Saturday, September 22, 2012

Beseeching Thomas

For Buell's pursuit to continue, he must have support from General Thomas at Bowling Green, where troops and supplies had been held for the defense of that city.  Bowling Green was also a key waystation for the Army of the Ohio as it moved north from Nashville.  As usual, however, the orders are flying faster than the trains are rolling and Thomas weighs in with his daily dose of reality.


 U. S. Volunteers.
MUNFORDVILLE, September 22, 1862.

General THOMAS: We must be at Nolin probably at 11 to-morrow. You must come through to-morrow night, notwithstanding the march will be long. The last train will soon pass you, and will be safe to return without your being on the road. You had best therefore march at dusk this evening, except perhaps two regiments at Cave City to put the sick on the return train for Bowling Green. Your wagon train is, I presume, there by this time. It must be reported to-night, so as to start by daylight in the morning with the remainder of the supplies.Let two regiments, a section of artillery, and a regiment of cavalry, which will wait here, bring up the rear of the wagon train.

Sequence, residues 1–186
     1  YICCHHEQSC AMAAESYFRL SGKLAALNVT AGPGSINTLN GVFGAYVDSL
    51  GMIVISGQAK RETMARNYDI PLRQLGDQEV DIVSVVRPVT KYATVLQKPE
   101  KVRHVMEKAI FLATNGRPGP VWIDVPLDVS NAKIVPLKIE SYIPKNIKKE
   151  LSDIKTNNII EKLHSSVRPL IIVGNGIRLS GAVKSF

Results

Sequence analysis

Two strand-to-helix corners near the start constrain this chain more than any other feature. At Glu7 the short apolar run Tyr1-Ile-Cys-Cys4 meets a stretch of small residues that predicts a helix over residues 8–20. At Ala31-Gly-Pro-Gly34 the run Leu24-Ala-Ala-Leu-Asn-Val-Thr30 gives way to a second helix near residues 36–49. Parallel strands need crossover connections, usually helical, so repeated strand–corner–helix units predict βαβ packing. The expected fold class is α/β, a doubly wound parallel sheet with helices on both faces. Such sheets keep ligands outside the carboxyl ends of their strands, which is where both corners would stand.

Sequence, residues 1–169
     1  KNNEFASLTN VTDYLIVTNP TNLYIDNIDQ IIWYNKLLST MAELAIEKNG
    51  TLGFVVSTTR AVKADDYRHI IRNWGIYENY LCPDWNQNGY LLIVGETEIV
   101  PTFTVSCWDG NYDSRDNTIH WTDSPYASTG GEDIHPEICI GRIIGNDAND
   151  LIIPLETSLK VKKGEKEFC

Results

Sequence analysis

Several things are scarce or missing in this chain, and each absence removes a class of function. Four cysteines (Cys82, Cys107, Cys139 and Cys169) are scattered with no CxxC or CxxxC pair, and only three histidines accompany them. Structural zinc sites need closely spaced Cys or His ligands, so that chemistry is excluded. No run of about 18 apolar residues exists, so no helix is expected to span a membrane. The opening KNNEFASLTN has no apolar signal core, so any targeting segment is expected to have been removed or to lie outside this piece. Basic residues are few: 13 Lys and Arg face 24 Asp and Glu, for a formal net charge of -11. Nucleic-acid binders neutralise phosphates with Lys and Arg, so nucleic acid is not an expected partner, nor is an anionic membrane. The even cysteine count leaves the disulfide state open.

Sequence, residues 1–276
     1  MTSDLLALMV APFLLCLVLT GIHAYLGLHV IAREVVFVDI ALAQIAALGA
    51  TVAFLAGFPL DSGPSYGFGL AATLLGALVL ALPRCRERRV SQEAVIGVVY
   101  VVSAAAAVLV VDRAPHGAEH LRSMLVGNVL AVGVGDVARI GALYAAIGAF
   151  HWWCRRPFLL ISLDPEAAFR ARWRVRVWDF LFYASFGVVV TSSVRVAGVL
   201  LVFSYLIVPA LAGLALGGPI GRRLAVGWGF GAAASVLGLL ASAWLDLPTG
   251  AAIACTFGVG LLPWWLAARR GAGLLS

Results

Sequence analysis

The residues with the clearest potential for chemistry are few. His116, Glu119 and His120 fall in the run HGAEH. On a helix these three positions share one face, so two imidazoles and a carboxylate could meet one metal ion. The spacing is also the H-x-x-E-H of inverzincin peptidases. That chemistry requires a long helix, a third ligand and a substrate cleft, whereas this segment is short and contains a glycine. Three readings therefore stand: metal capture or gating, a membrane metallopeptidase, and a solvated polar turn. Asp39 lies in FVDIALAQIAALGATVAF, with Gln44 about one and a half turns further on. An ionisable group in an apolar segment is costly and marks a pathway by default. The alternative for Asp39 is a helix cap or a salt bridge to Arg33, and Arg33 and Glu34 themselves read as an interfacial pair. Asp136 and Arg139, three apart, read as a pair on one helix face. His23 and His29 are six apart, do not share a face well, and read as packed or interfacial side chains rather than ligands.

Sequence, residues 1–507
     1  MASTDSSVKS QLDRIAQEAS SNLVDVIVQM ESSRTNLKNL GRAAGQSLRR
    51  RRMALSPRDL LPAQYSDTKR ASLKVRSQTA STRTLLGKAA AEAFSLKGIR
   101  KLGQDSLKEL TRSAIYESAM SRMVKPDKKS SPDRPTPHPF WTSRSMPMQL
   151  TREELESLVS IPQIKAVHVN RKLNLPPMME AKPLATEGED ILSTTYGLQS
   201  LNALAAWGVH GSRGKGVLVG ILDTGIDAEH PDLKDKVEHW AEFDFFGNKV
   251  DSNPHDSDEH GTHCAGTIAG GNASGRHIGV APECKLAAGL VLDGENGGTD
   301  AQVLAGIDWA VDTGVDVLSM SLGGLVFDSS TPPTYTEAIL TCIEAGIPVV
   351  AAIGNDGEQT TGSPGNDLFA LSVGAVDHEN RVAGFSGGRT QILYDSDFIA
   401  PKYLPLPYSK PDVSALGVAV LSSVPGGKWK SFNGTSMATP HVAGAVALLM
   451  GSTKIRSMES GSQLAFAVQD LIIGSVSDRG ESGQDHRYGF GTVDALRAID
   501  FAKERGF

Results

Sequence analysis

Major-General, Commanding.

                              *  *  *      

SEPTEMBER 22, [1862]- 5 P. M.
General THOMAS:

GENERAL: Send your wagons forward at once to-night to report to Captain Darr on the railroad at or near Rowlett's Station, to be loaded with provisions. The order was to send your train forward this morning, and we have been looking for it. Send escort with it.

JAMES B. FRY,Colonel, &c.

                              *  *  *

Woodland, KY., September 22, 1862.

Colonel J. B. FRY,
Chief of Staff, Army of the Ohio:

COLONEL: The provision train will not reach this point before 5 p. m. I will therefore make arrangements to start early to-morrow morning. I have reports of cavalry and infantry near Mammoth Cave, the same probably referred to in your note of this morning.


And General Nelson takes it on himself to finally get a reliable report of Bragg's strength, reporting to Wright on this day in 1862.


LOUISVILLE, KY., September 22, 1862.

Major-General WRIGHT, Cincinnati:

Previously to the surrender at Munfordville certain officers demanded to see whether the enemy really encompassed the works with the force they pretended to have. Granted; and 3 officers went through their lines and report as follows:Total strength, 45,000 men; eight batteries of artillery on the south side; on the north side they professed to have thirteen regiments and three batteries-about 10,000 men. The batteries are good. Know nothing of Kirby Smith. Saw Buckner, but not Bragg. While there Buell's advance molested pickets; made great excitement. The infantry miserable looking objects. Artillery good. Saw no cavalry.

Major-General, Commanding.

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